# From Compression Test to Curve Fitting Analysis: Hyperelastic Rubber-Like Material

## Fares Al Rwaihy

May 26, 2023

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## Exploration of a hyperelastic rubber-like material with the goal of utilizing our compression test data for meaningful application in Finite Element Analysis (FEA).

4 min read

### Introduction

In this post, we will explore the journey from conducting a compression test to performing a curve fitting analysis on a hyperelastic rubber-like material. Through meticulous data collection and analysis, we were able to successfully complete our project, (Investigating Hyperelastic Behavior of 3D Printed Rubber-like Material).

### Results of compression test

After conducting the compression test, we obtained experimental data in an Excel file that contained all the necessary values for our evaluation. The analysis involved three different specimens subjected to four different Compressive Load-Compressive Extensions loading and unloading paths, the results of the 3rd specimen shown in the figure.

Upon examining the data, it became evident that the first cycle exhibited a distinct behavior due to the compressive load-compressive extension characteristics of the rubbery material. This behavior was unique and not repeated as the material softened.

The other three cycles were the same, thus we could shorten the analysis period by only considering the fourth cycle's loading path of each specimen.

#### Plotting the stress-strain graphs

Stress-Strain graphs are the most necessary graphs needed for curve fitting thus additional work on Compressive Load-Compressive Extension graphs is required to shift the graphs to the origin. Assuming an ideal case where compression is homogeneous and there is no slip between the metal plates and the test specimens as well as the shape of the test specimens and all other circumstances considered to be ideal. Under slight deformation, there must be a linear relationship in the compressive load-compressive extension graphs.

However, results showed approximate zero values of compressive force until 1.3 mm where the linear relationship starts to occur. To overcome this challenge, we adopted the following approach:

- A trend line was selected to represent the general trend of the data.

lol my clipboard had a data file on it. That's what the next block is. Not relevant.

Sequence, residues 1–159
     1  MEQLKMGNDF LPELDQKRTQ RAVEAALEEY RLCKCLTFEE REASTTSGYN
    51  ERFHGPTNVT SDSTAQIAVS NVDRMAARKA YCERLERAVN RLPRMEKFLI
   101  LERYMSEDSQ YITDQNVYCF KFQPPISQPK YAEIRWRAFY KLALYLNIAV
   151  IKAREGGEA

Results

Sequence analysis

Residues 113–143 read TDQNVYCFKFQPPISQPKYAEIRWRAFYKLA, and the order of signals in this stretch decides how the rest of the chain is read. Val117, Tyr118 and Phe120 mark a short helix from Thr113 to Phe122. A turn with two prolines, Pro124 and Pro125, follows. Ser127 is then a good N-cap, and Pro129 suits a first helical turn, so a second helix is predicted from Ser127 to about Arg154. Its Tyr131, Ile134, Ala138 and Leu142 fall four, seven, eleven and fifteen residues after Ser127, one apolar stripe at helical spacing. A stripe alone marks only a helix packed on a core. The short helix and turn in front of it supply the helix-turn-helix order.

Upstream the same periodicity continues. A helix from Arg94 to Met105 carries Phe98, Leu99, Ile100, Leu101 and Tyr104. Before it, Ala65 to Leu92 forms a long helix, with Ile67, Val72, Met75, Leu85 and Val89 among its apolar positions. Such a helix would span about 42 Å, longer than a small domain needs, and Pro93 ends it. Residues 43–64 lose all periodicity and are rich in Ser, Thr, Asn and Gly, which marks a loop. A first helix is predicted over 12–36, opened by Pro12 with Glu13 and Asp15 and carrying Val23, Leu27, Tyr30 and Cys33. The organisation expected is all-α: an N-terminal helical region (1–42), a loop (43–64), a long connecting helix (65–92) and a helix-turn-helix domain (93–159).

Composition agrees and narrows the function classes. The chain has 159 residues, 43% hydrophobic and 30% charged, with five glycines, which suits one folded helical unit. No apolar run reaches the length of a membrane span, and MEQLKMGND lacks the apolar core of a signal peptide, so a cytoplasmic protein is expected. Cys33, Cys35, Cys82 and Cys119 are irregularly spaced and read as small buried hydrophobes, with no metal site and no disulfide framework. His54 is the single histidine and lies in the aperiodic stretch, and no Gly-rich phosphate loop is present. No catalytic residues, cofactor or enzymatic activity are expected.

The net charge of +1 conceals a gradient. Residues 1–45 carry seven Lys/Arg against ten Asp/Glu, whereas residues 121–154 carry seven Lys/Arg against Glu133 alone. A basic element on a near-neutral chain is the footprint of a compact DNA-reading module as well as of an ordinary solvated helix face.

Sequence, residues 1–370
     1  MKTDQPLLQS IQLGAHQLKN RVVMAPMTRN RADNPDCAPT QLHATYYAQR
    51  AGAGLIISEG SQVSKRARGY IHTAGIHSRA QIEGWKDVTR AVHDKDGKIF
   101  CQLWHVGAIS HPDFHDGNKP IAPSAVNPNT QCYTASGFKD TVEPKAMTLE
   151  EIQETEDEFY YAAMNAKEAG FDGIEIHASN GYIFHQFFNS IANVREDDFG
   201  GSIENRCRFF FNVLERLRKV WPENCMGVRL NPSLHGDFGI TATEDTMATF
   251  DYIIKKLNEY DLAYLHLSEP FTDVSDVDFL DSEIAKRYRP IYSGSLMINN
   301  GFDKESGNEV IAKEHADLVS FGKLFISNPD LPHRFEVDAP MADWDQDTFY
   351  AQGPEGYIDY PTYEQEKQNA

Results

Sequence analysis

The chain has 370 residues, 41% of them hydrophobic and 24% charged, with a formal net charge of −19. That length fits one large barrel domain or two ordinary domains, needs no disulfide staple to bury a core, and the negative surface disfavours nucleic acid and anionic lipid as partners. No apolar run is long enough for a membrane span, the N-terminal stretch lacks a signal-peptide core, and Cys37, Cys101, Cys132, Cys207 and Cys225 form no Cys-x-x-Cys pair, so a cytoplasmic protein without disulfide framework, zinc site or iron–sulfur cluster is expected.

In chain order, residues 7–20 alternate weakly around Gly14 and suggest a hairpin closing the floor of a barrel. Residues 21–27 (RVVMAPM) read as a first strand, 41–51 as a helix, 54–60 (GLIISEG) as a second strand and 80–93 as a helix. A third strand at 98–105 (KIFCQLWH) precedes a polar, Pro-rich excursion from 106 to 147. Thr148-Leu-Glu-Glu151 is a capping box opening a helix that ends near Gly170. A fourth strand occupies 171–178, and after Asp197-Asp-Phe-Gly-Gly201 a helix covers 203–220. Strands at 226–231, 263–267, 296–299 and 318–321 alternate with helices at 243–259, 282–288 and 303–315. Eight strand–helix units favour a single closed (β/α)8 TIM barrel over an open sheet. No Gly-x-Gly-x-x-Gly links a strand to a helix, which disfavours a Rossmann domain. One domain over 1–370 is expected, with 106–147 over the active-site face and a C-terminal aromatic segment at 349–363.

- A linear equation was obtained to describe the trend line.

- To shift the curve to the origin, the X value was determined by subtracting the corresponding y value equal to zero.
- The experimental data values were then adjusted by subtracting the X value, effectively shifting the curve.

By implementing this technique, and using of the following equations

The engineering stress:

The engineering strain:

Stretch ratio:

We were able to plot the stress-strain curves accurately, ensuring that the data aligned with the appropriate reference point. This enabled us to further analyze and interpret the material's behavior with confidence.

#### Curve fitting

To accurately characterize our printed material, we conducted the curve fitting process using ANSYS Workbench software. The methodology for performing the curve fitting consisted of the following steps:

- Transferring the stress-strain data values obtained from the experimental data into the software.
- Selecting different types of hyperelastic material models available within the software.
- The curve fitting process yielded constants ( C ) that could be interpreted as material properties, which can be obtained by using one of these from many hyperelastic material models.

Yeoh:

Mooney-Rivlin:

Neo‐Hookean:

The results of the curve fitting process were highly promising, as one of the generated curve closely matched the experimental data curve. This alignment between the two curves indicated that the generated constants successfully captured the material's behavior, validating their suitability for further research and analysis.